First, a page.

More than 80% of the money came from just three donors, who put in a total of $15.3 million. The largest sum, $6.3 million, came from Kelcy Warren, an oil and gas pipeline billionaire from Dallas; an additional $5 million came from another Dallas billionaire, Darwin Deason. A $4-million contribution came in from a third donor whose name has not been released.
Warren is not a typical, passive donor; he also serves as finance chairman of Perry's campaign. In February, Perry took a seat on the board of directors of Warren's firm, Energy Transfer Partners. Warren was at a Washington hotel recently when Perry, appearing at an Opportunity and Freedom event, gave a speech denouncing GOP rival Donald Trump as a "barking carnival act" — and saying that the nation needed to expand energy production and end a ban on energy exports.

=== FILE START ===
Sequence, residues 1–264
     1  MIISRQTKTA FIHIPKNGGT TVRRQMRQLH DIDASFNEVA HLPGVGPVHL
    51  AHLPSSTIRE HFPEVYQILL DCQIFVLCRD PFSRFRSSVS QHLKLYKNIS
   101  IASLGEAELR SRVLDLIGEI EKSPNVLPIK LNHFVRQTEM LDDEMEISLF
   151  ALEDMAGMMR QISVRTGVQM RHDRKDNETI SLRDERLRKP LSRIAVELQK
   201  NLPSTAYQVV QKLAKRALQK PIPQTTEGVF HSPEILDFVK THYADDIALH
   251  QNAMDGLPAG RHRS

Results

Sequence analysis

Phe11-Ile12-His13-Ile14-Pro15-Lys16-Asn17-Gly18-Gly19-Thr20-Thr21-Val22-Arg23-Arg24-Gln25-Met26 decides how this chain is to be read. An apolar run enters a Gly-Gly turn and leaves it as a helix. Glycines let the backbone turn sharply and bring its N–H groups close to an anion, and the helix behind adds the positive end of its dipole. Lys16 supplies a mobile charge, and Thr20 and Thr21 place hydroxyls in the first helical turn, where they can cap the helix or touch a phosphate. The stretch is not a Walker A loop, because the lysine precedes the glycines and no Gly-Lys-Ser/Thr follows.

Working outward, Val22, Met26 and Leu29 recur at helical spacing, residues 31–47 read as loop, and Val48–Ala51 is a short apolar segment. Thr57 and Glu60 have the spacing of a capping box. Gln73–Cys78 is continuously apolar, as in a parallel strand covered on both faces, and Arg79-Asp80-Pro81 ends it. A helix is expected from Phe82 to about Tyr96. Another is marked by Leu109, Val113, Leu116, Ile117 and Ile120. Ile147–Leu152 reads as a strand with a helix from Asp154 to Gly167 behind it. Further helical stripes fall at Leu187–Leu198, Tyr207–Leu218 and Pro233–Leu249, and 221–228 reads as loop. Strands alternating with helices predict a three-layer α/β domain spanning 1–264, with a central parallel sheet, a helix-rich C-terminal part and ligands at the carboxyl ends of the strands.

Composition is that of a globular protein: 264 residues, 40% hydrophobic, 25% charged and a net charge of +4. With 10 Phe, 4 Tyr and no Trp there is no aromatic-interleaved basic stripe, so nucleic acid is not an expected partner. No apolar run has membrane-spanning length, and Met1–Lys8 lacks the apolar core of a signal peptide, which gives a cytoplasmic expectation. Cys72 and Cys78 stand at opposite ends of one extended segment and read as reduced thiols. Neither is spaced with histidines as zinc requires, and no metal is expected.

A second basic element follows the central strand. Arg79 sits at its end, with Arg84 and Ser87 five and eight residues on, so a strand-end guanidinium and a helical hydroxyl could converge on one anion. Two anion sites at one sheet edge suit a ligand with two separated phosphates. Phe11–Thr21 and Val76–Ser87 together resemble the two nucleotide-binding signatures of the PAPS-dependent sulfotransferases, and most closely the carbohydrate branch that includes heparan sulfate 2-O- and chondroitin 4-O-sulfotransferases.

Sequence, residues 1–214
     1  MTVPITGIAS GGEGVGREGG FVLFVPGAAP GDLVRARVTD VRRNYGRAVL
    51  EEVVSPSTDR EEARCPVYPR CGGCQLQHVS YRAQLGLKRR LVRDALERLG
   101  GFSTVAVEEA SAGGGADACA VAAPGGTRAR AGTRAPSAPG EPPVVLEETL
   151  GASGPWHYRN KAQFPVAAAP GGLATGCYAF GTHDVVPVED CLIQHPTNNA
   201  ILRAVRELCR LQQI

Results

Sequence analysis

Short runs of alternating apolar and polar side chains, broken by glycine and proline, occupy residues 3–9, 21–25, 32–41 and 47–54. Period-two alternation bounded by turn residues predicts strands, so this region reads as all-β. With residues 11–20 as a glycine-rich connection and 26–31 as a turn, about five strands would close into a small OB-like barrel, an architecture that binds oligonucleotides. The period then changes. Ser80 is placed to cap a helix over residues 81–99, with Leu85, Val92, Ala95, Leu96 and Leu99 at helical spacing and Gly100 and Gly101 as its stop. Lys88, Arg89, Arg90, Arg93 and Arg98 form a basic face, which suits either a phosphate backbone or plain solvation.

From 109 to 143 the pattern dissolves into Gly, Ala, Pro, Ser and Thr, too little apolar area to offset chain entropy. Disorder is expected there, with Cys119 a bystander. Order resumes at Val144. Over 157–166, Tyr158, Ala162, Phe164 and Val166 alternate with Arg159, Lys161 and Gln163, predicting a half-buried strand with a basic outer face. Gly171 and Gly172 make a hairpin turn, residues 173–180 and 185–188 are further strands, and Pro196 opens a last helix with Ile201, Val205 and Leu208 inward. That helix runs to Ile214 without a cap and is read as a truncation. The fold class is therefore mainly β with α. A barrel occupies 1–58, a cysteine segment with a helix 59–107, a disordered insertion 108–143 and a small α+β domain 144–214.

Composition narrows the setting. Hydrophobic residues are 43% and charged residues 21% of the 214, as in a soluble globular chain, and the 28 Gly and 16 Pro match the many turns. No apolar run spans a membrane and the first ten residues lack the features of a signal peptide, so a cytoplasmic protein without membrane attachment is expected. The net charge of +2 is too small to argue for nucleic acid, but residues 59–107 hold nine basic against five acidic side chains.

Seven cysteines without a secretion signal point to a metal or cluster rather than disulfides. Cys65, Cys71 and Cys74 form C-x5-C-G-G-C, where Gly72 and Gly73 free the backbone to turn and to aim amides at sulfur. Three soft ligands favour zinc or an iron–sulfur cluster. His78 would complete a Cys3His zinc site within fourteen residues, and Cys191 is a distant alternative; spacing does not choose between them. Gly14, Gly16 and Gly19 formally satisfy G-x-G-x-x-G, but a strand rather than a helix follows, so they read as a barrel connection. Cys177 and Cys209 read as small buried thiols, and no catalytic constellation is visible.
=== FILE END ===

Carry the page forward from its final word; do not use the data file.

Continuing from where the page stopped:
Warren and Deason declined requests for comment.
Cruz has four affiliated PACs, all called Keep the Promise, that have together raised about $38 million, according to disclosure reports.
One of the groups is the repository for contributions from Robert Mercer, a hedge fund billionaire from New York, who gave Cruz $11 million. Another was set up for Dan and Farris Wilks, brothers from Texas who made billions by selling equipment for fracking of oil and gas wells and gave $15 million with their spouses.

The third took in $10 million from Toby Neugebauer, the founder of a private equity firm whose father, Randy, is a Republican congressman from Texas. The fourth brought in $1.8 million from several donors who are wealthy, but not rich enough to command their own PACs.
Though super PACs can accept unlimited amounts of money to support candidates, they must disclose donors, and they can't coordinate activities with the candidates' campaigns — although campaigns this year have increasingly pushed the boundaries when it comes to coordination.